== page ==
‘Shirley Valentine’ was poignant.
With the original script by playwright Willy Russel, ‘Shirley Valentine’ is best known for the 1989 award winning film, starring the incomparable Pauline Collins in the title role. Following the story of working-class Liverpudlian housewife Shirley, the audience is invited into her inner monologue as she embarks on a journey of discovery to rekindle her childhood dreams and love of life. The story is full of rich humour and heartbreak and explores themes of domesticity and living the life you always wanted to live.
‘Shirley Valentine’ is the first one-woman show to be performed at Ad Astra, but the theatre’s intimate space lends itself perfectly not just to this type of show, but also invites the audience to become a sounding board to Shirley’s casual contemplation. As the entire show is a monologue, its success relies heavily on the quality of the script, which in this case is a beautiful juxtaposition of humour and heartbreak. As the leading lady herself, Jaqueline Kerr handled both themes with aplomb.
Front lining a solo show is no mean feat and Kerr should be commended for her engaged and intriguing performance, which rarely wavered from beginning to end. She grounded Shirley’s endearing qualities, drawing the audience into the journey alongside her and willing her on to succeed, and her comic timing kept the wittiness of the script razor-sharp to balance things out.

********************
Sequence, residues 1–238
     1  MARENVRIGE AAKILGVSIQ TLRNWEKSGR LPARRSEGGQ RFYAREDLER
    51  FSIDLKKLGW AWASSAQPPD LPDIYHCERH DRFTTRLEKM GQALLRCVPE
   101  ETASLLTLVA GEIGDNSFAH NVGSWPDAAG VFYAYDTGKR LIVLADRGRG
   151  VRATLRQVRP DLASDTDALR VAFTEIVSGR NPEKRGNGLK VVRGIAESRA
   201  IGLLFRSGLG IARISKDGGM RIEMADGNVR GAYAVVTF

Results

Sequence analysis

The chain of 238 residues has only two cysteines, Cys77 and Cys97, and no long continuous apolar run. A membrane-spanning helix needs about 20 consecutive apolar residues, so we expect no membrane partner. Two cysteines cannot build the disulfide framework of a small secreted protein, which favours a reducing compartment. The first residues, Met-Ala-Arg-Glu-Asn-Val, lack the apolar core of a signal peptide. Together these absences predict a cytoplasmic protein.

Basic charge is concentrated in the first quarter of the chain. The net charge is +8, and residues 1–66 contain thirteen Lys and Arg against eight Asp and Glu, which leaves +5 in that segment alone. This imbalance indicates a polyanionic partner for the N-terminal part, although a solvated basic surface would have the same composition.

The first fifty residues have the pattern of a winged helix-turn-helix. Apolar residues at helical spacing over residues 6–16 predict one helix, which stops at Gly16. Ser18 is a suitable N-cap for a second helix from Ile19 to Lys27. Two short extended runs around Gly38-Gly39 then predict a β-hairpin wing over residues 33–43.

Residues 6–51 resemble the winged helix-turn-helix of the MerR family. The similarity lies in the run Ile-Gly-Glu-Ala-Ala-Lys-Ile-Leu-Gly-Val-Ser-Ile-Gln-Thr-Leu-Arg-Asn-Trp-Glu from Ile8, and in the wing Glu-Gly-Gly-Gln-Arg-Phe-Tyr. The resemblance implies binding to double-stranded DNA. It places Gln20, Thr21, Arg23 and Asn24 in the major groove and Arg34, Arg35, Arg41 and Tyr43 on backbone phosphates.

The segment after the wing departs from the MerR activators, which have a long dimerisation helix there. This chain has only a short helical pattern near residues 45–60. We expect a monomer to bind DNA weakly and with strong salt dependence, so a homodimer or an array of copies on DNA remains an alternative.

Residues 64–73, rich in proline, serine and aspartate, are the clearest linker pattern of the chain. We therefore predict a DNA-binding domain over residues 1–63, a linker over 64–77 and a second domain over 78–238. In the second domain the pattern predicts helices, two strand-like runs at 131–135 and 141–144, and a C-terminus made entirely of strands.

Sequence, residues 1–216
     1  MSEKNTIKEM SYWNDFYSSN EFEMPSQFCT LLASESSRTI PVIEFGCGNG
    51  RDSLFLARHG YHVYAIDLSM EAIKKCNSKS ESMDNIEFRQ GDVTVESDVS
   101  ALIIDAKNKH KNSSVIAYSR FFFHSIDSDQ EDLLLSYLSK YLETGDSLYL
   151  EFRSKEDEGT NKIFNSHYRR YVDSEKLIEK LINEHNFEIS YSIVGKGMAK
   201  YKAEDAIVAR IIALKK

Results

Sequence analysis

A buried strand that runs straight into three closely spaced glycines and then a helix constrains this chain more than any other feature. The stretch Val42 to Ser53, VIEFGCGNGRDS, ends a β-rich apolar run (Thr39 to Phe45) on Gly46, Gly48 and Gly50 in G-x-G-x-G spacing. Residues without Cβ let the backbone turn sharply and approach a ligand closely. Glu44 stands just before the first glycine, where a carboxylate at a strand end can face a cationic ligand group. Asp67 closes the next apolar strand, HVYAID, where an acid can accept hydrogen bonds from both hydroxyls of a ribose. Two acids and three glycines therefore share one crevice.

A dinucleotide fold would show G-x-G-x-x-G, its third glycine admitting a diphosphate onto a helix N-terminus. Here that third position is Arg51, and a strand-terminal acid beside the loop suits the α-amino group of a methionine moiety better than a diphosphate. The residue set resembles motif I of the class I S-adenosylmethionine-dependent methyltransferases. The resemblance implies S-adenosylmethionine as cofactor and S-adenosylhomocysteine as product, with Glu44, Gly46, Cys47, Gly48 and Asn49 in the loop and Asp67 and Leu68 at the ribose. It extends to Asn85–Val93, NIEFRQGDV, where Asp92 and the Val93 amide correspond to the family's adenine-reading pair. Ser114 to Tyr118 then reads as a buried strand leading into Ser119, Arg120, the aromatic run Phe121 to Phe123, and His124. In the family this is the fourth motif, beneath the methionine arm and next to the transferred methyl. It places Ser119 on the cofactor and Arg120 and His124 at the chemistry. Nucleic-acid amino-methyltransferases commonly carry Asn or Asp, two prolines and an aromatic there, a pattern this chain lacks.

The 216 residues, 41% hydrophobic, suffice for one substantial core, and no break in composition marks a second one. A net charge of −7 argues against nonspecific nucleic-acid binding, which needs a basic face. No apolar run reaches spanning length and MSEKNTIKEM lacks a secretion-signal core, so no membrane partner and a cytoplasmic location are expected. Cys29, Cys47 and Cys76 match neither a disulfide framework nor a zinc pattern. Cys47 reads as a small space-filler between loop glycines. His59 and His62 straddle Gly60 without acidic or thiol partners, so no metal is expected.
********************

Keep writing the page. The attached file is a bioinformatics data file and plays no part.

The production as a whole nicely captured the mix of comedy and pathos so evident in the script. An example of this is Shirley constantly confiding to the wall in her kitchen as if expecting a reply which is initially humorous until the audience realise that “wall” is the only thing in her life listening to her.
Director Louella Baldwin made the most of the small space and chose two static sets: the first was Shirley’s kitchen in London where she stays for the majority of the play, the other as the Grecian getaway. The Greece stage was cleverly illuminated whenever Shirley expressed her longing for escape, which tantalised and teased the audience with what could be.
The most effective aspect of the set though was the attention to detail in creating the atmosphere of domestic dreariness. Baldwin skilfully enhanced the stagnant domesticity by having Shirley preparing her evening meal in front of the audience, complete with peeling her potatoes. To further the authenticity of the show, perhaps more attention could have been given to mastering Shirley’s Liverpool accent, however, Kerr made a decent attempt.
While the story centres around the contemplation’s of a middle-aged woman, there are aspects of Shirley that are guaranteed to resonate with audiences of all ages. Ad Astra’s ‘Shirley Valentine’ is a wonderful journey of discovery for anyone who’s experienced their life falling into a rut and wants the kick up the backside to seize the day and claim what they actually want out of life.
To keep up to date with Ad Astra’s upcoming productions visit https://www.adastracreativity.com.